Yes, it’s what the error message explicitly says. You’ve run out of space in
the large pool, which is apparently just 4MB big. Give it some more memory.
Your large pool is only 4 meg; increase its size and you should
eliminate the problem. Also, why are you using an 8k block size and a
db_file_multiblock_read_count of 16 on Windows? It should be 8.
Actually, on Windows, a 16K block size is my preference. Point is, he can
use any block size he likes on Windows, because NTFS does direct I/O out of
the box.

Or are you saying the multiblock read count should be 8Kx8=64K, hence
16Kx4=64K etc etc etc?

Besides which, I just tried this:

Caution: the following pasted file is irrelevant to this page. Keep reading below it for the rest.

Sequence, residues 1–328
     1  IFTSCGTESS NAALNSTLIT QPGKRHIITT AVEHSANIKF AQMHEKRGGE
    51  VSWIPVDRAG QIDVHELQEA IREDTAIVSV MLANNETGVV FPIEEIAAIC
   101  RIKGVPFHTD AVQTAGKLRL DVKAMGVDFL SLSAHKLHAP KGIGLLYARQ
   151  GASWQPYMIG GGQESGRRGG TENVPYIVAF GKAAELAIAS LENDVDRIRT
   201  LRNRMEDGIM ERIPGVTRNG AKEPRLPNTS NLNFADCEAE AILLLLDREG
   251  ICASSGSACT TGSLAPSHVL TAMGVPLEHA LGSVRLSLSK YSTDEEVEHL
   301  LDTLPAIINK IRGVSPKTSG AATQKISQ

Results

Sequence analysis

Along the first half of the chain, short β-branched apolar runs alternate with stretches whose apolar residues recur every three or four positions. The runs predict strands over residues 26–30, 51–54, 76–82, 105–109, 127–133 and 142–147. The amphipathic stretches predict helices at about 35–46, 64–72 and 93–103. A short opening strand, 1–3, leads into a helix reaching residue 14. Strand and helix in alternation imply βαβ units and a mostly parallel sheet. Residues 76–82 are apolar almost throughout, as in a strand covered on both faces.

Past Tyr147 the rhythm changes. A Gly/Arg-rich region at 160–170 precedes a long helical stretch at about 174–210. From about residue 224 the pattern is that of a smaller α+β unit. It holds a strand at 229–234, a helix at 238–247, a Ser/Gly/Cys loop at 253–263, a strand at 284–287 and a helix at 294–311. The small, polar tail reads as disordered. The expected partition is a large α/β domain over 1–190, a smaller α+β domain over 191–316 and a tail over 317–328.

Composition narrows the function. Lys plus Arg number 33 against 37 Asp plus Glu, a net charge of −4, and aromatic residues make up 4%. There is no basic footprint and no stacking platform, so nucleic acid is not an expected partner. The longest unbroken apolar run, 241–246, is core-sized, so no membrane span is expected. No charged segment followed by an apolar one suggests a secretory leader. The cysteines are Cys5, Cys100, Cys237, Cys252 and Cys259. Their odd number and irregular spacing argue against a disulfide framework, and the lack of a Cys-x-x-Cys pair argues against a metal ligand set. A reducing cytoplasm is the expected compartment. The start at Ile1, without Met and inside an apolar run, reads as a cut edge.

SQL> show parameter db_file_multi

NAME TYPE VALUE
———————————— ———–
db_file_multiblock_read_count integer 16
SQL> alter system set db_file_multiblock_read_count=512 scope=spfile;

System altered.

SQL> startup force
ORACLE instance started.

Total System Global Area 101784276 bytes
Fixed Size 453332 bytes
Variable Size 75497472 bytes
Database Buffers 25165824 bytes
Redo Buffers 667648 bytes
Database mounted.
Database opened.
SQL> show parameter db_file_multi

NAME TYPE VALUE
———————————— ———–
db_file_multiblock_read_count integer 128

Which indicates that 128x8k (happens to be an 8k system) is do-able: 1MB
seems perfectly feasible to me.

I’m a bit at a loss therefore to understand the “It should be 8” comment.

Regards
HJR

http://metalink.oracle.com/metalink…OT&id;=3513427.8
kinda tells me there may be some pool issues in that version.

Also, I’m sure you’ve seen the boldface type in
http://metalink.oracle.com/metalink…T&p;_id=146599.1
since you have sga_target set. Maybe you just need a bigger shared
pool to get around the bugs.